GENEVA November 30, 2017 – The Government of Libya must take urgent action to end the country’s trade in enslaved people, UN human rights experts* have said, after shocking images showing an auction of people were captured on video.
“We were extremely disturbed to see the images which show migrants being auctioned as merchandise, and the evidence of markets in enslaved Africans which has since been gathered,” the experts said in a joint statement.
“It is now clear that slavery is an outrageous reality in Libya. The auctions are reminiscent of one of the darkest chapters in human history, when millions of Africans were uprooted, enslaved, trafficked and auctioned to the highest bidder,” they said.
“The Government and the international community, particularly the EU which is the destination of most of the migrants, must take immediate and decisive action to ensure that this crime does not continue. They must also urgently prioritize the release of all those people who have been enslaved. Enslavement is most often an extreme form of racial discrimination,” they added.
The experts welcomed a Libyan Government commitment to start an investigation of the issue, and insisted that the pledge had to be turned into concrete action, such as ensuring protective measures and effective remedies for victims, without delay.
“It is imperative that the authorities urgently locate and rescue the victims of this horrendous crime and that Libya holds the perpetrators accountable,” said the experts.
An estimated 700,000 migrants are in Libya, a major transit country for those trying to reach Europe.
“It is critically important for the Libyan Government to implement measures to protect migrants – among whom are victims of trafficking and minorities from different ethnic backgrounds – in accordance with international human rights laws and standards,” the experts said.
“Migrants in Libya are at high risk of multiple grave violations of their human rights, such as slavery, forced labour, trafficking, arbitrary and indefinite detention, exploitation and extortion, rape, torture and even being killed.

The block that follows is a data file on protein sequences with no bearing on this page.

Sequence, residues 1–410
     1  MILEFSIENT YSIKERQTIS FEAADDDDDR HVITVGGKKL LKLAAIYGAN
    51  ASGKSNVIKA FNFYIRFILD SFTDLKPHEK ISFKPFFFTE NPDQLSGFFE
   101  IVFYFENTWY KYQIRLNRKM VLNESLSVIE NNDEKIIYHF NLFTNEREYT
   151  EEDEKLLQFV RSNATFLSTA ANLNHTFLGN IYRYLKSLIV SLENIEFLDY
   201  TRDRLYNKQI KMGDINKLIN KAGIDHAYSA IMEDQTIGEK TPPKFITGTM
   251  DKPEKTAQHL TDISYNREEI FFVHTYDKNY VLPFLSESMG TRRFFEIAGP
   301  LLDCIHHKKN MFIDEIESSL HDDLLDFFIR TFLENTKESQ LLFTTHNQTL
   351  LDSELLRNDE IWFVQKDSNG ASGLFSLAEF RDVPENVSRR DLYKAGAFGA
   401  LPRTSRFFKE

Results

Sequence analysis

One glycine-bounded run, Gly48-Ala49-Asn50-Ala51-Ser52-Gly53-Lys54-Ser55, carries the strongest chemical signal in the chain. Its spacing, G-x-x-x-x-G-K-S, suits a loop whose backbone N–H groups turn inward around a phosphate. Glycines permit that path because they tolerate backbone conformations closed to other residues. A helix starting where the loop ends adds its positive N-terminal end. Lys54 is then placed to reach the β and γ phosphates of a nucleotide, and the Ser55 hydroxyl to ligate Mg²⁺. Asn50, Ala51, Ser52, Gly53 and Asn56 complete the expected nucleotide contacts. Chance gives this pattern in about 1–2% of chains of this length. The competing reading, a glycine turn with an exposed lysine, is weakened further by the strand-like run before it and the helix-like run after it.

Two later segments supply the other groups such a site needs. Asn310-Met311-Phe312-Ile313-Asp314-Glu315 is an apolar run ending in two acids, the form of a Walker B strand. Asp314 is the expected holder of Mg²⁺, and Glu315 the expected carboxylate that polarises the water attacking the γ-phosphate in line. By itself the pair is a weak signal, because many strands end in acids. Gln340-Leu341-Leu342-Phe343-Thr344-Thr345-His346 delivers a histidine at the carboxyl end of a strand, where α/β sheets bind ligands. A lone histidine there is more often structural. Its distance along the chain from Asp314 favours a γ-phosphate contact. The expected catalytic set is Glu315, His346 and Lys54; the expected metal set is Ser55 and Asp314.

“The enslavement of migrants derives from the situation of extreme vulnerability in which they find themselves. It is paramount that the Government of Libya acts now to stop the human rights situation deteriorating further, and to bring about urgent improvements in the protection of migrants.”
The experts also urged the international community to act in solidarity to support the investigation of atrocious crimes occurring in the country.
“UN Member States must stop ignoring the unimaginable horrors endured by migrants in Libya, must urge countries to suspend any measures, including bilateral agreements with countries of origin and transit, that expose migrants to further risks, and should ensure that any such incidents are expeditiously and thoroughly investigated,” they said.
“It is a dangerous trend that European States are shifting responsibility for migrants to African countries instead of creating regular, safe, affordable and accessible channels for them.
“Any agreement reached with the Libyan authorities needs to be in line with international human rights standards. European states can be held accountable for any human rights violations migrants are subject to.
“We remind the Libyan authorities and all other Governments that compliance with international human rights and humanitarian law norms is essential in the current climate of impunity and that justice must prevail,” they concluded.
*The UN experts: Ms. Urmila Bhoola, Special Rapporteur on contemporary forms of slavery, including its causes and consequences; Ms. Anastasia Crickley, Chairperson of the Committee on the Elimination of Racial Discrimination; Mr. Felipe Gonzalez-Morales, Special Rapporteur on the human rights of migrants; Ms. E. Tendayi Achiume,Special Rapporteur on contemporary forms of racism; Ms. Maria Grazia Giammarinaro, Special Rapporteur on trafficking in persons; Ms. Dubravka Šimonoviæ, Special Rapporteur on violence against women; Mr. Obiora C. Okafor, Independent Expert on human rights and international solidarity; Mr. Fernand de Varennes, Special Rapporteur on minority issues; Ms. Maud de Boer-Buquiccio, Special Rapporteur on the sale and sexual exploitation of children; the Working Group of Experts on People of African Descent.
The Independent Experts are part of what is known as the Special Procedures of the Human Rights Council. Special Procedures, the largest body of independent experts in the UN Human Rights system, is the general name of the Council’s independent fact-finding and monitoring mechanisms that address either specific country situations or thematic issues in all parts of the world. Special Procedures’ experts work on a voluntary basis; they are not UN staff and do not receive a salary for their work. They are independent from any government or organization and serve in their individual capacity.
The United Nations Voluntary Trust Fund on Contemporary Forms of Slavery (UNVTFCFS), managed by OHCHR, provides assistance to people who have experienced some form of slavery. It provides direct humanitarian, legal and financial assistance to victims through grants awarded to non-governmental organisations.